Women who enter pregnancy with a BMI in the obese range may have less weight to gain to stay within normal limits, according to a study presented at The Pregnancy Meeting in San Francisco.
The new weight gain guidelines would only affect women falling into the severely and morbidly obese categories during pregnancy. Researchers found that underweight, normal weight and obese patients who gained less weight during the last two trimesters of pregnancy were more likely to give birth to infants that were lower than desired birth weight; small for gestational age. Women falling into class II and class III of obesity, severe and morbid, or gaining less weight during the final two trimesters of pregnancy resulted in no ill effects on the fetus or the pregnant woman.
Setting appropriate weight gain guidelines is extremely important for pregnant women. Gaining too much weight and the infant can be born larger than average. Gaining too little weight and the infant can be born smaller than average. In both cases, infants are at increased risk of complications during pregnancy, delivery and after birth. Larger babies are also typically delivered via C-section which comes with additional complications, especially for severely and morbidly obese pregnant women.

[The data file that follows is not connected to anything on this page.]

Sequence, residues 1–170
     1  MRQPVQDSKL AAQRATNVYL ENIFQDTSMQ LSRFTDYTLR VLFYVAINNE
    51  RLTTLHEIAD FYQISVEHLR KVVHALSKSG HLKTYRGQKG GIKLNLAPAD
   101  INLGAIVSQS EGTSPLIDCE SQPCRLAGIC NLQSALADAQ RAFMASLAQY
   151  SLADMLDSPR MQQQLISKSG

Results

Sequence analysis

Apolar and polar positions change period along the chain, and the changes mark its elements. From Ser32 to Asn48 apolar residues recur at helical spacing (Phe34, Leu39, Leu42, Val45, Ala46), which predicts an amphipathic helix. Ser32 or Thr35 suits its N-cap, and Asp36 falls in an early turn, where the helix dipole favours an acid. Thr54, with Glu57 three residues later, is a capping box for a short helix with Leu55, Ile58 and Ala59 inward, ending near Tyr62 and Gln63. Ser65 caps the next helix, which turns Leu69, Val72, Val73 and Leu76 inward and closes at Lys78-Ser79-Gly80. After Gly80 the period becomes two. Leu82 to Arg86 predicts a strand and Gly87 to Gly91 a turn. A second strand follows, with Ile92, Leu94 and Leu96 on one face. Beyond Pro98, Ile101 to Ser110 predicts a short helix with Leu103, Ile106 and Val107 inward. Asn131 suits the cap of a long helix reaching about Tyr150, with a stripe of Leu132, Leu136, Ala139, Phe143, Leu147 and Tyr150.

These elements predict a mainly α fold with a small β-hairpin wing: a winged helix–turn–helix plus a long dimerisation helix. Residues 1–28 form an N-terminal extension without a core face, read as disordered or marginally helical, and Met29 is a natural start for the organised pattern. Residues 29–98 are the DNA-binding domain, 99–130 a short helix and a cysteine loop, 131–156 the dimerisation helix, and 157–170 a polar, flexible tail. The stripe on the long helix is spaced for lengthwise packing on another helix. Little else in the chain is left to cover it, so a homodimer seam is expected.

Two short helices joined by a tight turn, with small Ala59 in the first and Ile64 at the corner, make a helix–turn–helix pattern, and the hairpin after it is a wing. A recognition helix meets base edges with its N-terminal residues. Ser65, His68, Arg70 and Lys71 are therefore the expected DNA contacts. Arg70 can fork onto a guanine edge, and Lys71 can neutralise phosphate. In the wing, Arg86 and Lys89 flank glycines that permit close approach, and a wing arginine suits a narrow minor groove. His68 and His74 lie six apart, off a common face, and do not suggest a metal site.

Women falling above the normal weight range were also at increased risk of suffering from pregnancy complications, including gestational diabetes, C-section delivery, and labor induction. This was true of women who started the pregnancy above normal weight and those who increase BMI to overweight and obese ranges during pregnancy.
There were about 74,000 women included in the study. The study included 4% underweight, 48% normal weight, 24% overweight, 24% obese. The obese group was broken into three classes based upon BMI: class I = 13%, class II = 6% and class III = 5% of the total obese group.
In addition to the potential need for weight gain guideline changes for class II and class III obese women, researchers also found that women falling into the overweight and obese categories may give birth vaginally (more often) if they are given higher doses of oxytocin more frequently.
Source: University of Rochester Medical Center. Eva Pressman, M.D., Danielle Durie, M.D., David Hackney, M.D., and Nigel Campbell, M.D., Christopher Glantz, M.D., M.P.H, and Loralei Thornburg, M.D. 14 February, 2011.